Become a Better Magician
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A memorized deck is one of the most powerful tools in your arsenal. But magicians often lament that they "don't have the brain to learn a stack." But that's as illogical as saying you "don't have the hands for a double lift." Not without practice, you don't. Just like any sleight, you can learn mnemonica through deliberate practice. Here's how to do it in under a week:
The short answer: You will create a mnemonic for each card, and by doing that, you will naturally memorize the card.
Specifically, each mnemonic is a picture that, when thought of, causes you to recall the card immediately. It's important to note that many magicians will argue for the "brute force method." This essentially repeats "1 is the four of clubs, one is the four of clubs" over and over until it sticks. And while this will work eventually, it's incredibly cumbersome, unreliable, and a waste of time.
Alternatively, using mnemonics might feel like a lot of initial work upfront, but you more than make up for it on the back end. I used this strategy to memorize every super bowl winner, loser and score in under a week. While you'll ultimately have to create mnemonics with your imagination, here are two to get you started:
Card 1, the Four of Clubs: First, picture something you can always associate with number one. How about a life-sized pencil? Or a foam finger from a basketball game that says, "We're number 1!"
Next, you need to associate the four and clubs. Well, that sounds like a four-leaf clover to me. So, picture a four-leaf clover precariously balancing on the tip of a life-sized pencil. Or maybe it's a foam finger for the Boston Celtics, who already have a clover in their logo (three-leaf, but accuracy is not essential here).
Suddenly, you've created an image that encapsulates all three pieces of information you need: The suit, value, and position. The green foam finger with a four-leaf clover says everything you need. As does the singular (1) pencil with a clover on its tip. The four of clubs is number one.
Card 2, the Two of Hearts: I've always liked this card because it has a nice ring to it (so does six the six of diamonds and nine the nine of spades). For this, imagine a cheesy magician. I'm sure you can picture someone.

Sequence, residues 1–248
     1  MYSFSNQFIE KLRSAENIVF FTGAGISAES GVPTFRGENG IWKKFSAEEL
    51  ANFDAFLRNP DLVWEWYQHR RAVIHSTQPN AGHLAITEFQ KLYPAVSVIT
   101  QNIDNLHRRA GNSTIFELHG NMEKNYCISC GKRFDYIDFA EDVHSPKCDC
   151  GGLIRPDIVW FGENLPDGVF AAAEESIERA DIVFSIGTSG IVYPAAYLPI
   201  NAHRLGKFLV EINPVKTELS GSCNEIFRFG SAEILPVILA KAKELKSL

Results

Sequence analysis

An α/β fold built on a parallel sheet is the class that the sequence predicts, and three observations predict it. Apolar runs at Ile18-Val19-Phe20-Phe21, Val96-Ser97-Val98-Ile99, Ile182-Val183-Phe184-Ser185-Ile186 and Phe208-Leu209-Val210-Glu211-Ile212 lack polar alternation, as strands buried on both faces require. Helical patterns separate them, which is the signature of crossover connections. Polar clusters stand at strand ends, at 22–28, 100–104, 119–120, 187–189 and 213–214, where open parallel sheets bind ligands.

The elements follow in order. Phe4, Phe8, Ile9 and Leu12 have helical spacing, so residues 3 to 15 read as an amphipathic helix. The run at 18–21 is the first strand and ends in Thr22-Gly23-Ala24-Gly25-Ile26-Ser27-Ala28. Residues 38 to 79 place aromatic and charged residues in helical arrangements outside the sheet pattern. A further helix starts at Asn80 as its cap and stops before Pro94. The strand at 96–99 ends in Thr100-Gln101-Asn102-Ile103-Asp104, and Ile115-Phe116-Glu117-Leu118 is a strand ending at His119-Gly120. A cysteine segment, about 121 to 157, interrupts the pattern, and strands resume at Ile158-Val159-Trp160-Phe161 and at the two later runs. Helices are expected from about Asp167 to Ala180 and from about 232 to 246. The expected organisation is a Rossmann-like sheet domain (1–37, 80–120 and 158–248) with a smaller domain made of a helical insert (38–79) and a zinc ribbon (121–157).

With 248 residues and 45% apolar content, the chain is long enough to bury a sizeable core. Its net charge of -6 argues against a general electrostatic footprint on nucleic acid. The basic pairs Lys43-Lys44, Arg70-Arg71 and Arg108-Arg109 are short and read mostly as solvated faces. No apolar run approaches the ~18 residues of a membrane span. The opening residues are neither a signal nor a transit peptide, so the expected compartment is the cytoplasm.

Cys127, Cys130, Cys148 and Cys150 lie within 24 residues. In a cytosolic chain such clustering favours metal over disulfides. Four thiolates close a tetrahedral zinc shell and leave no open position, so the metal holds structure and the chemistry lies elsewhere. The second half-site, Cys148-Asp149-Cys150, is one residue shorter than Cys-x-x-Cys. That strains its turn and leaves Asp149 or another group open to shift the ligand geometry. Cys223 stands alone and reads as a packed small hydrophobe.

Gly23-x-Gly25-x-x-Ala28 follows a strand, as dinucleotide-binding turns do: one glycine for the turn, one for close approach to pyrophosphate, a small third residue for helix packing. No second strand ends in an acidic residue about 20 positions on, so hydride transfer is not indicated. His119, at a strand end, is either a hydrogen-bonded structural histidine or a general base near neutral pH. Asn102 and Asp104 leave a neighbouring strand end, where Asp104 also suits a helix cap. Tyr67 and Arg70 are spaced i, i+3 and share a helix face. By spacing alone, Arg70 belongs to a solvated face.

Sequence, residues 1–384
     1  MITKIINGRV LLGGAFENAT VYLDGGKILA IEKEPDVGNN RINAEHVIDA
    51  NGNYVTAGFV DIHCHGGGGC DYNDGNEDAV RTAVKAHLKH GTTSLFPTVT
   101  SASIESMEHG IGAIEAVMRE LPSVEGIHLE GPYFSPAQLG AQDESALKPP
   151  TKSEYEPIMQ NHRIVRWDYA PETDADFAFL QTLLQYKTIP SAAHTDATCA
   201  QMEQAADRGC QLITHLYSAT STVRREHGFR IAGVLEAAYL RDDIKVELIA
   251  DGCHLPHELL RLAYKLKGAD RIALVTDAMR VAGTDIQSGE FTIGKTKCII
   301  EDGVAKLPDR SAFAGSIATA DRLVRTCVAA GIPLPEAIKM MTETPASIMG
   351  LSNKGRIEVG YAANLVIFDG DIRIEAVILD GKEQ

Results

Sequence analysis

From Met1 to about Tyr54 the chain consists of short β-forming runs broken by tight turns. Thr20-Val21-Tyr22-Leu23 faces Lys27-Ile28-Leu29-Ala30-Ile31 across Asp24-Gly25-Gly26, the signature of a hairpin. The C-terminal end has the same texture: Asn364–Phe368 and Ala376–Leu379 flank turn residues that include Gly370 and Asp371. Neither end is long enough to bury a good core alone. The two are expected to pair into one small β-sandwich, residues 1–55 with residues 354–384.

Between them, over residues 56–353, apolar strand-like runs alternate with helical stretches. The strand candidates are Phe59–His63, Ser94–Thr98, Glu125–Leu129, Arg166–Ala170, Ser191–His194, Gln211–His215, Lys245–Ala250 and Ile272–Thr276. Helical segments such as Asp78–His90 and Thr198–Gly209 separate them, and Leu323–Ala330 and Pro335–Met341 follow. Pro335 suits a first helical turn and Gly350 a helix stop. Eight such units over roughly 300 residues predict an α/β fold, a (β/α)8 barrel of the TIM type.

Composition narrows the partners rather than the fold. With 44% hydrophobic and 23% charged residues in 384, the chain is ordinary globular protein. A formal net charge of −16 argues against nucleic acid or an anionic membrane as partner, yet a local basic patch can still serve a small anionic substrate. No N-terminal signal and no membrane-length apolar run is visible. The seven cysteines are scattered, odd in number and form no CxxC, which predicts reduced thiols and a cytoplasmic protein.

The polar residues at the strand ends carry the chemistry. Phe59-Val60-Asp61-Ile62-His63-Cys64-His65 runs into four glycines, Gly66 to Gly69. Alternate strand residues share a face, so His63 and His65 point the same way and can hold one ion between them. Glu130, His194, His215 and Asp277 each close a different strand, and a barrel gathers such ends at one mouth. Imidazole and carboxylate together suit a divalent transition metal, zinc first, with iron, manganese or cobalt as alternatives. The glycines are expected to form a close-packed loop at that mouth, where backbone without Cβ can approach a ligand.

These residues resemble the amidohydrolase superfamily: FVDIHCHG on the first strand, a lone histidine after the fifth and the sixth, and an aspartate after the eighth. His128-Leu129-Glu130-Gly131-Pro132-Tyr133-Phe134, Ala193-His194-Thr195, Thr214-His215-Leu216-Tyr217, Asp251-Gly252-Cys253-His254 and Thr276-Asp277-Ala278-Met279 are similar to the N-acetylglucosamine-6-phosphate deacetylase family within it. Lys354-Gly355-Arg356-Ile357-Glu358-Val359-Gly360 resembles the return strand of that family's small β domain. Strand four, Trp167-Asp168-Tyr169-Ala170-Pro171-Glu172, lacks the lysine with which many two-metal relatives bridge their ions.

The cheesy magician is walking into a diner to do strolling magic. They're incredibly lonely and decide they can only find someone by forcing the two of hearts and saying, "The two of us belong together." Gross. So they go into a diner (picture your favourite) and force the two of hearts with really greasy hands. They mumble, "The two of us belong together." Then they point to their heart with TWO outstretched fingers.
Weird and sad? Absolutely. But it's also memorable.
Are you thinking these stories might not work?
Well, what's number 1?
Ultimately, you have to create the stories and images yourself. They are infinitely stronger when they come from your imagination because it's personal to you. When I memorize, I spend 3-5 minutes writing out a story like the one above for each piece of information I want to memorize. And while it's initially cumbersome, those 3-5 minutes are all it takes.
Your learning schedule:
Do ten cards daily for five days (with 12 cards on the last day). Each day, refresh yourself on your previous cards so you don't forget them. On the 6th and 7th day, start performing. Anything. Even if it's "pick a card, here it is", using the simple natural key card.
Practice both ways: You need to be equally proficient in recalling the number from the card as you are at recalling the card from the number. They must be absolutely interchangeable in your mind.
Make your image vulgar: We aren't going to give examples on the internet, but let's say that the less likely you are to share the image with your mom, the more likely you are to remember it. Our brains are drawn to novelty and shock. So shock yourself. The more sexual and gruesome the image, the easier it will stick in your head. I'll let your imagination fill in the rest.
When should I perform mnemonica?
As soon as possible. At least for friends and family who you are ok messing up in front of. Like anything, the best way to learn is by doing. Don't worry about a complicated ACAAN. Just worry about locating a named card or identifying the card that comes after the one you peek at.
Another way to practice is simple awareness. If you see a seven on the subway, consider what number the 7's occupy (3, 37, 41, 47). If you see the number 34 in real life, challenge yourself to think about what card falls at 34 (ten of spades).
To test yourself, try this mnemonica app from The Daily Magician.